Apr 30, 2014 0 Share

Calling Out Stressed


Stressed out woman talking on telephone.
Thinkstock

We are almost to the end of the school year, and that means we are fast approaching the end of our teachable moments for the class of 2014. In the ramp-up to this year’s Commencement, we have students on the autism spectrum hitting maximum density. One more stressor and things are going to get ugly. Time off is desperately needed, and almost nowhere to be found. So, when a very abbreviated Spring Break arrived mid-month, more than a few students took the opportunity to take back what they felt was rightfully theirs: days added on to make up for snow days this past winter.

For several of my students, this meant missing work shifts in their Career Education program. This program is all about the development of employability skills, with one of those skills being the very grey issue of when and how to request time off. We strive to create as real-life an environment as possible, and as such have expectations that the students will give notice when they need to miss scheduled work.

My teachable moment arrived with a young woman with Asperger’s who was most assuredly feeling the pressure of too much going on and not enough “down time” to regroup and recharge. She is also a senior, which means all of that real-world stuff I keep prattling on about is here. She has postsecondary plans which could include a program in the medical field, and a Career Education program which has her working at a local hospital. When faced with increasing—albeit self-induced—pressure surrounding the week that had been slated as vacation time, this young adult made the decision to stay home from school on the last day before our break. This meant taking time off from the hospital placement. In a testament of sorts to the fact that some of what I teach sinks in, she did let us know that she would miss her work shift. She needed the day to herself to decompress, recharge and prepare for the social demands that Spring Break would present. She needed her “alone” time, and I could not only completely sympathize with her in that respect, I found myself a tad envious that there was no way I could do the same thing, given my own AS-hypersensitivities were on overdrive! BUT … missing that particular day meant missing a hospital work shift to which she had made a specific commitment.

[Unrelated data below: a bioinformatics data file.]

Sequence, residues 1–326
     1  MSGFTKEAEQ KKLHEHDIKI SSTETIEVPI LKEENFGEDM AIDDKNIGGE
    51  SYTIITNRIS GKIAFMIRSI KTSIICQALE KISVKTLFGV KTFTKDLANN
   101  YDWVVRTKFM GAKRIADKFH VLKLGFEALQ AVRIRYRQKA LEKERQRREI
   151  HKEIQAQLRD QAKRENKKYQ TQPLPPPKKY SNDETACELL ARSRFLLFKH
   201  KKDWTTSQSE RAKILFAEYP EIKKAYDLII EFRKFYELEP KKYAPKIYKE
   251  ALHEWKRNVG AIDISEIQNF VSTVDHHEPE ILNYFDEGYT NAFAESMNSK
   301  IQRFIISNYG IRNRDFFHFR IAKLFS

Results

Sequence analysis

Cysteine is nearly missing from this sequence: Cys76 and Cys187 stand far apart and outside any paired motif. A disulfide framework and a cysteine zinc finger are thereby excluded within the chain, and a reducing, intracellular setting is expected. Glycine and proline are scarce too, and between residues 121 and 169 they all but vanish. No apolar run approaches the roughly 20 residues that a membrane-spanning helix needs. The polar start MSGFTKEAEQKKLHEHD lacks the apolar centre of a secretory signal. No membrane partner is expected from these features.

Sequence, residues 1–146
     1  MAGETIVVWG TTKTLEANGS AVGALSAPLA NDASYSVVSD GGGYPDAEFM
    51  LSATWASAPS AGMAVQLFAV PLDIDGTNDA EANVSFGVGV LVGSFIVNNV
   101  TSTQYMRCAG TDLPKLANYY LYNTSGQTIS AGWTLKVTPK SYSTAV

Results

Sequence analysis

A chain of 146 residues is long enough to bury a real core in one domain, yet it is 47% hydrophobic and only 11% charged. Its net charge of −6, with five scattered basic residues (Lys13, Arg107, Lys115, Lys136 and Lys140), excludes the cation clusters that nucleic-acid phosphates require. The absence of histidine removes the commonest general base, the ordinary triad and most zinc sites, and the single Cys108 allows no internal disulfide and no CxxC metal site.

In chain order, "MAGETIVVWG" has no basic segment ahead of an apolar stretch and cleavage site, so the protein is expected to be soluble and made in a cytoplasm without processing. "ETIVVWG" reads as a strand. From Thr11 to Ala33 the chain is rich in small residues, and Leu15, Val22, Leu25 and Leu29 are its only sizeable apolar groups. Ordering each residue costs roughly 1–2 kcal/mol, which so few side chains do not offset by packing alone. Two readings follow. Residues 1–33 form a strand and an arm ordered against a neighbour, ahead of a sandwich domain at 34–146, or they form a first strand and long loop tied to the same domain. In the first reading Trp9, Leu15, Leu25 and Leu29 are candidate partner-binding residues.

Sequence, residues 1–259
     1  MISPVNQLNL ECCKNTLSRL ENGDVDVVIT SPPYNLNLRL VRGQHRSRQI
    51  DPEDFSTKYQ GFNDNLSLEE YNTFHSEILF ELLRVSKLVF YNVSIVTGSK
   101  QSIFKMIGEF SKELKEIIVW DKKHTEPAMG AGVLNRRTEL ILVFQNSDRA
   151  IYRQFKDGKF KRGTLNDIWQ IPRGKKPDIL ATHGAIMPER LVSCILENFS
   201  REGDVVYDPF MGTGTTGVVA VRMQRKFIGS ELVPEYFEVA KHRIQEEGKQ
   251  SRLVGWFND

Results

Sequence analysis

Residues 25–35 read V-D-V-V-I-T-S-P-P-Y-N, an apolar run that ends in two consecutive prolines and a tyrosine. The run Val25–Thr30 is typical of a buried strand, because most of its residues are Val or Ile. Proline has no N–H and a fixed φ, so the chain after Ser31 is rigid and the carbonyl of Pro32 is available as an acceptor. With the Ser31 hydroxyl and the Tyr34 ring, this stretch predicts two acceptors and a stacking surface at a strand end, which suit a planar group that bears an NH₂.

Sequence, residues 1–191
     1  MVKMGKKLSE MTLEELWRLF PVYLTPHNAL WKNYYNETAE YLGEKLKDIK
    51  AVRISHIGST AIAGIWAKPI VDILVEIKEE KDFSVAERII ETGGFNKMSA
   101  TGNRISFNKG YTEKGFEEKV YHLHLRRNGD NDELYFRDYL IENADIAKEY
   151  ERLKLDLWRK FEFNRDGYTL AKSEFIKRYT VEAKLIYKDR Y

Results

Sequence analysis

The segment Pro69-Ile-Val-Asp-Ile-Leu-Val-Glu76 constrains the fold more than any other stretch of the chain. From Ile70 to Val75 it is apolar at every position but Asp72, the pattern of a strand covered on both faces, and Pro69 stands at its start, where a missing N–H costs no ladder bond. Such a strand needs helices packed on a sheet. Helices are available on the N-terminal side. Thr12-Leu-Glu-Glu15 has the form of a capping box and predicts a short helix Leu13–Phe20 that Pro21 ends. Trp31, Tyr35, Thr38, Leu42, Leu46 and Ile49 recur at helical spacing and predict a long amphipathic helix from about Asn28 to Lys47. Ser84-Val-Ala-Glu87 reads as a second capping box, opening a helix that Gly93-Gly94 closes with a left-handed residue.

Furthermore, and even worse, when the much-anticipated and abbreviated break arrived, so did an unwelcome form of spring fever in the form of a sinus infection. The illness ran through the break and well into the following week, which meant—you guessed it—more absence time from the hospital shift, and way more stress and anxiety when then faced with needing to miss work. This young lady could not, despite what I believe was a sincere effort, understand why I was concerned about her taking the “sick” day off in the first place. She had, after all, followed protocol for taking time off. To make matters worse, she really could not understand why this decision had any possible negative ramifications when she then needed to miss more work for a legitimate reason. My words of wisdom for her were simple enough: In the “real world” we need to consider all sorts of  “what-if” scenarios, especially when it comes to work. The fear behind these words, which I do not think left their mark, is that jobs are going to be hard enough to come by in the world we live in for the class of 2014, and too many of our young people on the spectrum are entering the job market without a clear understanding of what awaits them. Hopefully when my student and the countless others like her hit the world of work, they will be met with the kind of open-mindedness and understanding that they will need to navigate the adult world. On the bright side, I know it’s there … because if I found it, so can they!